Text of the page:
The release of a bumper US non-farm payrolls, which printed an impressive gain of 287,000 during June, delivered an interesting end to last week.
It saw US stocks surge, dragging the September SPI 200 contract 61 points (1.2%) higher and suggesting a great start to the week in Australia when the ASX opens at 10am Monday. Higher energy, gold and iron ore futures on Friday, as well basic materials and financial stocks, will reinforce the weekend strength in a busy week in Australia and abroad.
No less than 12 Fed officials are speaking this week, so traders are likely to get a solid read on the impact of the jobs numbers on the Fed. But data is also important in Australia with the release of the NAB Business Survey, Westpac-MI consumer confidence, and the ABS labour force data on Tuesday, Wednesday and Thursday.
Both China and the US have huge data dumps Friday. And of course we have the first Bank of England MPC meeting since Brexit on Thursday.
It’s going to be a huge week.
This makes no sense, or is perhaps nonsense, or perhaps a lot of sense. Stocks at record highs, bonds at record lows. Friday night’s massive print of 287,000 new jobs in the US during June looks as aberrant as the downwardly revised 11,000 jobs created in May. But stocks surged, with the S&P 500 gaining an impressive 32 points, 1.53%, to finish the week at 2129 – just 5 points shy of the S&P’s all time high at 2134. At the same time the US 10-year Treasury yield closed at 1.3650 – just a few points above last week’s all-time low of 1.32%.
The jobs figure was 100,000 more than the market anticipated. so it should put the Fed back in play, and should have weighed on both the bond and stock bulls, but it didn’t. Neither did it help the US dollar, which ended the week under pressure against commodity currencies like the Aussie, Kiwi, and CAD, together with pressure from the Yen and gold.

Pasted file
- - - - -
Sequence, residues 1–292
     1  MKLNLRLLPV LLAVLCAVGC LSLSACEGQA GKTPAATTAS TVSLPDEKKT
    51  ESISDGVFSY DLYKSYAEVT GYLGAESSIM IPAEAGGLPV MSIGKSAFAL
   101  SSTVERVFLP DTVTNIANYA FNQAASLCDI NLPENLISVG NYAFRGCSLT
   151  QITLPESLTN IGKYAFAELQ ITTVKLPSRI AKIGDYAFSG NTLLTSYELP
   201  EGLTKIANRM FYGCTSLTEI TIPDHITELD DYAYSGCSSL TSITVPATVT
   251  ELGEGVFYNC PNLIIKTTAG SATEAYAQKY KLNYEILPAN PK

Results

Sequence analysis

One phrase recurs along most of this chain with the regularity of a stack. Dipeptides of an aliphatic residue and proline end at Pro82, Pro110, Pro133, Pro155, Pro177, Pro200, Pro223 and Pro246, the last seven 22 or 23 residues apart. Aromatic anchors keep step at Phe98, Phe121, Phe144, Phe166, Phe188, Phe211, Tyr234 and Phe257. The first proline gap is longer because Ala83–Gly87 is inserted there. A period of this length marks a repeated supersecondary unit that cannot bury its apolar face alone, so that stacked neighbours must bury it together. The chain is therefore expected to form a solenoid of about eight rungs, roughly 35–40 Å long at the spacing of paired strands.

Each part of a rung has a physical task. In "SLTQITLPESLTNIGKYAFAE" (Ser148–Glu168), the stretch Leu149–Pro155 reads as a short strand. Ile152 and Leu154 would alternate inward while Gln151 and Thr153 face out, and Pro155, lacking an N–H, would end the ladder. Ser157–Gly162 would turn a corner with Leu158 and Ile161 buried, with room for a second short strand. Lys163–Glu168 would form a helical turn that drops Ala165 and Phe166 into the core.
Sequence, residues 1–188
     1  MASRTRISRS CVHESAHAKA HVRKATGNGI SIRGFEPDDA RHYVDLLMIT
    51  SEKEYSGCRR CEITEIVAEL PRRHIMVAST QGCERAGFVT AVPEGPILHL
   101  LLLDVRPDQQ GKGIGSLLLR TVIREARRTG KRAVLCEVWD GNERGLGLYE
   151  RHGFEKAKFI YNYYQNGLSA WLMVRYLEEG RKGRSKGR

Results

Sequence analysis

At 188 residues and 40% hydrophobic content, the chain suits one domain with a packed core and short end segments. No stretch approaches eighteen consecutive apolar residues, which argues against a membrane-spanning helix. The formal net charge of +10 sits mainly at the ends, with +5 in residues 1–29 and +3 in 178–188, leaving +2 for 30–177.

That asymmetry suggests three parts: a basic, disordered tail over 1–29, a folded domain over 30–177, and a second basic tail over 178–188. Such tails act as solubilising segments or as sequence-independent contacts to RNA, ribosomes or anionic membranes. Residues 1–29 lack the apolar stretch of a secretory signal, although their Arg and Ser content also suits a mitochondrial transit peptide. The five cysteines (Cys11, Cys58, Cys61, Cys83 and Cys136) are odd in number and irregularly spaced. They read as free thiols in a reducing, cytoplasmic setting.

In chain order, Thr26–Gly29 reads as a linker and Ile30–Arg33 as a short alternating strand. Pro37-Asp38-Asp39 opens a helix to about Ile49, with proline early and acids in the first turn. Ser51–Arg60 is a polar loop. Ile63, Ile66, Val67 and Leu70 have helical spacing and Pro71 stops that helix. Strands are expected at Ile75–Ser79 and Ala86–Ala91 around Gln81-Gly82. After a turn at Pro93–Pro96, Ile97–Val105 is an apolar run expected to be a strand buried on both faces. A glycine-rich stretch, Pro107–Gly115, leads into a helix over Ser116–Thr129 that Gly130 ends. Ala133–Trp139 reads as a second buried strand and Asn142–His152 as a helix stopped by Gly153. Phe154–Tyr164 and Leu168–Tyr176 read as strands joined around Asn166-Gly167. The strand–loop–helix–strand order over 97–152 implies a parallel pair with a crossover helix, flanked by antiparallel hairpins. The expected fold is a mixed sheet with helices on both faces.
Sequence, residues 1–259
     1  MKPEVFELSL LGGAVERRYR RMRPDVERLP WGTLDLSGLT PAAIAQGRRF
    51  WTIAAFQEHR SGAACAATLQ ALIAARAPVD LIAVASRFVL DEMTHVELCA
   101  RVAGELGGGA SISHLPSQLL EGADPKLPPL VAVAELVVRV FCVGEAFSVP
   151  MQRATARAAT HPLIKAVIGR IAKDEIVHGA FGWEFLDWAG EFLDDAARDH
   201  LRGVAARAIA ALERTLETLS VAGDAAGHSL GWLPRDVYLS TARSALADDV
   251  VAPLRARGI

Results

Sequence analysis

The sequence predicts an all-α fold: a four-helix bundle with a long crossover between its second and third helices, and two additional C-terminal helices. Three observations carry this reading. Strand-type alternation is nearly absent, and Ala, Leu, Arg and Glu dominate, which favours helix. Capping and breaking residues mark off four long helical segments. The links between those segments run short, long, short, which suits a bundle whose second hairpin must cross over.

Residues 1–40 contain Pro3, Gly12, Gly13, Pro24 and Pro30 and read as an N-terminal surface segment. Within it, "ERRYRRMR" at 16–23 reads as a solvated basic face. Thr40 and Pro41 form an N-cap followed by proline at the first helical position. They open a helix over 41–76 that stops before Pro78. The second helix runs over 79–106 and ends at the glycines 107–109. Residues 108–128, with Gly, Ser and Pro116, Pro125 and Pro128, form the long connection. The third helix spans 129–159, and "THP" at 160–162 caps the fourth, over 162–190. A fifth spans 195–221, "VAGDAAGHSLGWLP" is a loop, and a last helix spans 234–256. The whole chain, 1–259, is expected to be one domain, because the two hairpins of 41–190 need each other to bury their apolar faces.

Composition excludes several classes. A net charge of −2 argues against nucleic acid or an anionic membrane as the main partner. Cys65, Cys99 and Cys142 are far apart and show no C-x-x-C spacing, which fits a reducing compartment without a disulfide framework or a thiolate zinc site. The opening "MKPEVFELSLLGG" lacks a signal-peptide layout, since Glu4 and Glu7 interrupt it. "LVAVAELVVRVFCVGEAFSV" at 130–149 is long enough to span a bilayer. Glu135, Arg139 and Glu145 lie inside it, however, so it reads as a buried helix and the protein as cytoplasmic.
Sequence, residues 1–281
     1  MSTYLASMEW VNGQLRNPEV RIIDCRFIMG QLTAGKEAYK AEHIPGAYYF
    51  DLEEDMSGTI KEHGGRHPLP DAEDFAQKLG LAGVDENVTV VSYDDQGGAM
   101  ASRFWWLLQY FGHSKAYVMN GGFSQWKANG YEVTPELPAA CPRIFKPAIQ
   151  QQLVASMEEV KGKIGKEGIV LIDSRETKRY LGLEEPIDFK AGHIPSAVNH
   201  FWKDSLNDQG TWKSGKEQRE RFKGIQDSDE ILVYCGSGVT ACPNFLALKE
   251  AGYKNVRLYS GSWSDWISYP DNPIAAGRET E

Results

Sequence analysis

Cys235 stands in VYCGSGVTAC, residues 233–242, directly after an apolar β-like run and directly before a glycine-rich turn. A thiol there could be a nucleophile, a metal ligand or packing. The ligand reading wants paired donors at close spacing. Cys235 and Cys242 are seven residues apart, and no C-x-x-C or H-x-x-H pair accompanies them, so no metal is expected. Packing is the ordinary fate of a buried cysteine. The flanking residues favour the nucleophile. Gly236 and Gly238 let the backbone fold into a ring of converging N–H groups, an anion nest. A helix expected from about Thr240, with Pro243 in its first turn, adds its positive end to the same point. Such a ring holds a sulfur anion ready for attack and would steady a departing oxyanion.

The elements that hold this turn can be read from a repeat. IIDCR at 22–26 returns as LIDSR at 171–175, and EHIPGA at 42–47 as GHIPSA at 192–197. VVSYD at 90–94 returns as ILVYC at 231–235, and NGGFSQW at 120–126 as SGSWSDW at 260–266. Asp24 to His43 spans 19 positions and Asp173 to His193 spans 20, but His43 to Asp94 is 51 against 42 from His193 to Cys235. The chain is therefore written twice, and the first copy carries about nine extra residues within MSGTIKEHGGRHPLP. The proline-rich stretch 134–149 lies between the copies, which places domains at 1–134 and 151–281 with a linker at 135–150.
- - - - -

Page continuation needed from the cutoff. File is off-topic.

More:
It’s tough to square this circle of stock and bond strength with US dollar weakness when such a strong number is coupled with more people entering and getting paid more. That should assuage the Fed’s recent worry about the “uncertainty” in the jobs market and put them back in play. But perhaps all this was possible because when you add the May and June numbers together and divide them by two and you get about 150,000 jobs, which is still a miss on expectations for both months. That is likely to keep the Fed on hold for a while longer.
So where to for the Aussie dollar? The Kiwi closed the week above 73 cents. That’s its strongest weekly close since May 2015. And even though Aussie/Kiwi fell to 1.0350 during the week, the Aussie closed the week against the US dollar at a pretty strong 0.7560.
The Kiwi strength was on the back of changed perceptions on the path of RBNZ interest rates while the Aussie’s strength was despite S&P putting the country on notice it will probably lose its AAA rating. Both moves came despite the strength of the US jobs data and, as a result, both moves beg the question of how high they can run.
The Aussie traded up to 0.7640 in pre-Brexit trade and that looks a reasonable target given this week’s data flow. But could it run back toward 78 cents? If the Kiwi can stay above 73 it’s a pretty strong possibility. The short term daily uptrend and the long term weekly downtrend converge at 0.7810/20, so chartists will be watching.